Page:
Boris Johnson has been told that “the gig is up” by a fellow Conservative MP, as MPs agreed to refer the UK prime minister for a parliamentary investigation into whether he lied to the House of Commons about Downing Street parties during coronavirus lockdowns.
The British prime minister took a risk in travelling to India while parliament decided whether he should be investigated by the privileges committee.
He put his trust in fellow MPs to vote against a motion to trigger an inquiry into whether he lied to MPs over his knowledge of Downing Street lockdown parties. The motion was proposed by the Labour leader, Sir Keir Starmer, and passed unopposed.
The damage to Mr Johnson’s authority, which had received a boost from his leadership in Ukraine war, could become beyond repair if the committee finds that he deliberately misled parliament.
That moment of jeopardy came a step closer today after the influential Tory backbench MP, Steve Baker, told the Commons that “the prime minister now should be long gone” and that he “should just know the gig’s up”.
It was an abrupt change from the leading Brexiteer’s view on Tuesday that Mr Johnson’s parliamentary apology over his police fine for breaking lockdown rules by hosting a Downing Street birthday party was “contrite enough”.
Losing Mr Baker’s support could prove significant for Mr Johnson as it means former Brexiteer loyalists might join the Labour motion, which is now a free vote with no whip.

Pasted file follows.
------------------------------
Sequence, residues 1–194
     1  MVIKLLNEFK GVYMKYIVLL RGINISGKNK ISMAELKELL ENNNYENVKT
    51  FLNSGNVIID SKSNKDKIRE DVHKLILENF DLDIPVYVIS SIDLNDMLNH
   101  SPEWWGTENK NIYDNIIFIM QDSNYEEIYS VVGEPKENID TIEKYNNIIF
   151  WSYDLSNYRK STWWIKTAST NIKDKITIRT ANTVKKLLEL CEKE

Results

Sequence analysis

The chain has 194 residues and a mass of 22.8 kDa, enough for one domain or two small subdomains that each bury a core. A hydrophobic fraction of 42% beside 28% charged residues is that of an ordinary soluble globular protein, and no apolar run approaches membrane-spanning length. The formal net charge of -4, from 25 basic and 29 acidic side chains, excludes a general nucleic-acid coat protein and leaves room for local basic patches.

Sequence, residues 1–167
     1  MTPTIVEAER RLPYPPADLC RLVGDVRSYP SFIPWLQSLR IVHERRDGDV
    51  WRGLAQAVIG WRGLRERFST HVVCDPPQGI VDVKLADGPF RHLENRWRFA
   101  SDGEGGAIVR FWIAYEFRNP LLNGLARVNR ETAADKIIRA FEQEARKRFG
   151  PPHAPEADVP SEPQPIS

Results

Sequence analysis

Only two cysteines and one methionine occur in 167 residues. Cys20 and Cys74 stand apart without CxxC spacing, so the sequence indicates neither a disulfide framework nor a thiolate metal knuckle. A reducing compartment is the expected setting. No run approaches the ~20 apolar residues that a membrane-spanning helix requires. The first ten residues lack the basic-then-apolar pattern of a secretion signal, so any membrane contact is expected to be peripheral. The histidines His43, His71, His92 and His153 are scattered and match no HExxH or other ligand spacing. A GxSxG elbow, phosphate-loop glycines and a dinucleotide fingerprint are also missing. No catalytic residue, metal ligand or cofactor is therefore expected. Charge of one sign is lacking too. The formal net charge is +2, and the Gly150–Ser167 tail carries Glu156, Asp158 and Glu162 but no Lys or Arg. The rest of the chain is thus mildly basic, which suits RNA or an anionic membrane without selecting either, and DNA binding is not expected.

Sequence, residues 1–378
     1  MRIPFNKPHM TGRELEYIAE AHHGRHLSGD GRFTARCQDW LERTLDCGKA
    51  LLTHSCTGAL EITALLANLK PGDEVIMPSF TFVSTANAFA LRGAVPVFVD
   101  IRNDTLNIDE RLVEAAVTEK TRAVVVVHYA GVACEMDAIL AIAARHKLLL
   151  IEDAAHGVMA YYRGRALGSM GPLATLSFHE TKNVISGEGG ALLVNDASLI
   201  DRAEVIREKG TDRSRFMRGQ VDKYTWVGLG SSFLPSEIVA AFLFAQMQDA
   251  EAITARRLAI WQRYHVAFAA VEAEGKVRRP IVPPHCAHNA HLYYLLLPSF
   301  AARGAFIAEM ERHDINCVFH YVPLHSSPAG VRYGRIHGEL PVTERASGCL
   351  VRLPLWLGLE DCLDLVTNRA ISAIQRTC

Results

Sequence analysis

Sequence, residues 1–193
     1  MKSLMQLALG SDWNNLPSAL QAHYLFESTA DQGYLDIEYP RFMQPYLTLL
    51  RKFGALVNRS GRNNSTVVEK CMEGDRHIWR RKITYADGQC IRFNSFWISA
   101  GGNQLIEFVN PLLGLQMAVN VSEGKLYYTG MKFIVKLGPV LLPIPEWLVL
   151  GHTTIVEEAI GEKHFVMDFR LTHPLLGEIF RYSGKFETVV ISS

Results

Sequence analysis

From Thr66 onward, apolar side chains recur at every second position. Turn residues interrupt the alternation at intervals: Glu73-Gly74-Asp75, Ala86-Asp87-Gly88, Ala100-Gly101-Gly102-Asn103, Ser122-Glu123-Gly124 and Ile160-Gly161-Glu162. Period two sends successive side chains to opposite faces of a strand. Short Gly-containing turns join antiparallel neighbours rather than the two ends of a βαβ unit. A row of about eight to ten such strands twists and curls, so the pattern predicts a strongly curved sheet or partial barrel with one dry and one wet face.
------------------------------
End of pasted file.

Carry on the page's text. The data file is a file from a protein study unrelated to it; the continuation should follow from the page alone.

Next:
The lack of support for the prime minister was underlined before the debate started, when the government withdrew an amendment that would have scuppered the motion as whips realised they faced a revolt by Conservative MPs.
While the Russian invasion of Ukraine had put the challenge to Mr Johnson’s leadership into abeyance — just at the point when momentum was highest — the "partygate" issue has firmly returned to the agenda after Mr Johnson’s police fine last week for breaching Covid rules when he attended a gathering in Downing Street on his birthday.
The challenge to his authority is set to continue, with further fines possible after officers investigate six other parties allegedly involving Mr Johnson. But the Metropolitan Police have confirmed they will issue no more fines until after the UK's local elections on May 5.
However, once their investigation concludes, the full report by Sue Gray — the senior civil servant whose original partygate inquiry prompted police involvement — will be published.
That would then mean the rarely used privileges committee could allow its six MPs to examine the 300 photographs of Downing Street parties taken either from mobile phones or the official photographer.
Although Mr Johnson has a working majority of 75, if the numbers of those voting for the motion or abstaining are significant, it could reinvigorate the momentum to unseat him.
Those MPs may well have been persuaded by an even-handed statement made by Sir Keir, in which he urged them to “defend the simple principle of honesty, integrity and telling the truth” in politics.
Mr Johnson had “repeatedly, deliberately and routinely” misled the Commons over his claims about lockdown parties, he said.
“If we don’t pass this motion,” Sir Keir said, “we’re all complicit in allowing the public to think we’re all the same: nobody tells the truth.”
As well as being the first British prime minister to have received a police fine for breaking the law, he will also be the first to be investigated for contempt in allegedly lying to parliament.